H-1B bill seeks to 'staple' green cards to PhDs

Bill would exempt foreign PhD grads from H-1B limits

The inability of Congress to agree on immigration reform legislation has become a roadblock for H-1B proponents looking for new laws that would boost the number of available visas.

But the backers of the program are not giving up, as a new bill introduced this week aims to exempt foreign graduates of U.S. PhD programs from counting towards a cap on H-1B visas.

[ InfoWorld's Bill Snyder argues the H-1B visa has got to go. | Get sage advice on IT careers and management from Bob Lewis in InfoWorld's Advice Line blog and newsletter. ]

U.S. Rep. Jeff Flake (R-Ariz.), introduced what he calls the "Stopping Trained in America PhDs From Leaving the Economy Act of 2009 (HR 1791)." By design, the bill's acronym, STAPLE, represents the stapling of science, technology, engineering and mathematics PhD diplomas onto green cards, granting their holders permanent residency.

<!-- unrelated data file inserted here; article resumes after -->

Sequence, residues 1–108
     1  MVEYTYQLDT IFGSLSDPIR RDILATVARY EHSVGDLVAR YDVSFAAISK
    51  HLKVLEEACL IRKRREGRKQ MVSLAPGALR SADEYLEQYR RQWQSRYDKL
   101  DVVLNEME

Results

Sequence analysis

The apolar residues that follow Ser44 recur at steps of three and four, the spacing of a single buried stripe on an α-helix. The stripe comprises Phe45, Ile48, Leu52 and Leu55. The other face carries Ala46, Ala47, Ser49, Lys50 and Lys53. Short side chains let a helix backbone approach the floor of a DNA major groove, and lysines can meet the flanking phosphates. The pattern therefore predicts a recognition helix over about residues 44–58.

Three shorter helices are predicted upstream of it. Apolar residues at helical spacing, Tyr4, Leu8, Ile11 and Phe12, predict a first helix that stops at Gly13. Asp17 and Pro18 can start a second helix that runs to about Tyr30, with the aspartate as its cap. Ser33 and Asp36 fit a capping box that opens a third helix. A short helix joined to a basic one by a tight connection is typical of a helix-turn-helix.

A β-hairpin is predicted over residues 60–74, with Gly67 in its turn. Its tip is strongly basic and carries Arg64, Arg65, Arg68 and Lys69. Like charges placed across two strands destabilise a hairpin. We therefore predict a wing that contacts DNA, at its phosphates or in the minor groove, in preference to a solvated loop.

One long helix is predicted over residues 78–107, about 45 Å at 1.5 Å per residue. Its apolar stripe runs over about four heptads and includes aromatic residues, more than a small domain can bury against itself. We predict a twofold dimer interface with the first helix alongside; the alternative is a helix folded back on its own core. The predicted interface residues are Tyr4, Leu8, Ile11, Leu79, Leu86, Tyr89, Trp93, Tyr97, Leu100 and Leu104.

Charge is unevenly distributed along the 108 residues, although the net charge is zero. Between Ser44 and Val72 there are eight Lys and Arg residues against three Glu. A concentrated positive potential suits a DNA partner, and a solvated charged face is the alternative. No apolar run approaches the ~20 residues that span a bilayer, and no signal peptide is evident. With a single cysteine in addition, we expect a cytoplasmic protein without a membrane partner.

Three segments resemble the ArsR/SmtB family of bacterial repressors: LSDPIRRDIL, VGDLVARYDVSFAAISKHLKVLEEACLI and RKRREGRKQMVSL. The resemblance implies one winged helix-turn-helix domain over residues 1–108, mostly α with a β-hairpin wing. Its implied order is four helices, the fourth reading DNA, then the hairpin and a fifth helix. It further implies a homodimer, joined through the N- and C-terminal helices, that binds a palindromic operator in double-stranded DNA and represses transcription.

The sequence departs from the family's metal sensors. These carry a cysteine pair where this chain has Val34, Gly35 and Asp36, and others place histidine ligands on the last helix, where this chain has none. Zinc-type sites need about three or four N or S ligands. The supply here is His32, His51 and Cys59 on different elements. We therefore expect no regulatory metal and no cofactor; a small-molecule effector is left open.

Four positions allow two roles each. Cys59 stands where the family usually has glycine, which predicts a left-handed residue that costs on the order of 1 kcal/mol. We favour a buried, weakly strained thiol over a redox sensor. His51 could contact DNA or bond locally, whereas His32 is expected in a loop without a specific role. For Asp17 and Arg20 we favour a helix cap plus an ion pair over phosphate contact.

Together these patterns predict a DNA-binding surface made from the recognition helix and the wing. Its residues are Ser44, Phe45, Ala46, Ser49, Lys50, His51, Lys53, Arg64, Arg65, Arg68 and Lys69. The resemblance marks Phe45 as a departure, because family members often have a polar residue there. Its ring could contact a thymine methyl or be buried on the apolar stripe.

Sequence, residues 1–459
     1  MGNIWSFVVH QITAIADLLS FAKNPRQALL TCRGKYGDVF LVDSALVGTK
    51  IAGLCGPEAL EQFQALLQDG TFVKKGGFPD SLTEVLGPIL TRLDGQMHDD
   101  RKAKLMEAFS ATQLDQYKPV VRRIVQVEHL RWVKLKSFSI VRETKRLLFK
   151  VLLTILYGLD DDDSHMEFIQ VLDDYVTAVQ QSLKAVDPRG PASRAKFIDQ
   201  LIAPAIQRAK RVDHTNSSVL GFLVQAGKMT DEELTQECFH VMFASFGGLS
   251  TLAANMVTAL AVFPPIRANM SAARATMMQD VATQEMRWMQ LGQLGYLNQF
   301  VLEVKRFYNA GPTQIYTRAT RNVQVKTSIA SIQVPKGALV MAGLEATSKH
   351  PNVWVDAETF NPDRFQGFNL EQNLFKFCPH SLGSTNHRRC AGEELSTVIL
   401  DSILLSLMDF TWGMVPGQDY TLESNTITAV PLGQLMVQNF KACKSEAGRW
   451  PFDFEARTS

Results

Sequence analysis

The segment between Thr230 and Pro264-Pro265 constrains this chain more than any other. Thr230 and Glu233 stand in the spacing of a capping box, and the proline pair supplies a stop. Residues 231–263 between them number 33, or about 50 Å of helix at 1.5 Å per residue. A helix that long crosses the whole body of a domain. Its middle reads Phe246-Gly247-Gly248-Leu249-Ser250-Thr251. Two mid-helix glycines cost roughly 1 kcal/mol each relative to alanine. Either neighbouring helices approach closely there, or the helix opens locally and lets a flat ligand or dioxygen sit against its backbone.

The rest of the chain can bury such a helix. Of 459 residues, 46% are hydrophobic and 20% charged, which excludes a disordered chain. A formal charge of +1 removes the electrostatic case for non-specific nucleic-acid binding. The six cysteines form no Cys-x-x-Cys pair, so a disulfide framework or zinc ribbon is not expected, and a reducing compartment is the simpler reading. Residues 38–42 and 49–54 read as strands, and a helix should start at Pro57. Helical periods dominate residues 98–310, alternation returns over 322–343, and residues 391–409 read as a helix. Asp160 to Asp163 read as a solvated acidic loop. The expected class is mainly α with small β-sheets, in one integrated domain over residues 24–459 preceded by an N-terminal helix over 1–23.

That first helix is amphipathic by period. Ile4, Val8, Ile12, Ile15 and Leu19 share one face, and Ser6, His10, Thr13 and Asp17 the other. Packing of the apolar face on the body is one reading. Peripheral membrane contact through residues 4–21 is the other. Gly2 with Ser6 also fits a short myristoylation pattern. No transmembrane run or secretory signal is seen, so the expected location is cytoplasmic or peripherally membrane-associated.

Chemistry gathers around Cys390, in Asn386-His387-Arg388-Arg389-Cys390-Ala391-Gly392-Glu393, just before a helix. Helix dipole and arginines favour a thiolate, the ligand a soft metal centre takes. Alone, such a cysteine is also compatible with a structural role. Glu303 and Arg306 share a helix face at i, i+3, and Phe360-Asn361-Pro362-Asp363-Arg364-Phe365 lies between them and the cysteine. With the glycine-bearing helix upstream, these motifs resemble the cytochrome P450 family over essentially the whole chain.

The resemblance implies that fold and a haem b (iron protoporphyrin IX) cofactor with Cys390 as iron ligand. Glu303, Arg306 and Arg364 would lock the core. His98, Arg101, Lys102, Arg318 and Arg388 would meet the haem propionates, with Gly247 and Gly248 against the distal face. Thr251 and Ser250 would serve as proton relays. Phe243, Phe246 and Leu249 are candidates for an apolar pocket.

Foreign students make up a substantial portion of U.S. doctoral graduates. According to a survey conducted by the Computing Research Association, foreign students received 55.5 percent of the 1,597 computer science doctoral degrees awarded in the last academic year.

There have been a number of efforts to increase the H-1B visa cap apart from a comprehensive immigration reform push. But supporters of an overhaul of the immigration system have managed to stymie such efforts to get Congress to separately consider changes to the H-1B program.

This story, "H-1B bill seeks to 'staple' green cards to PhDs" was originally published by Computerworld.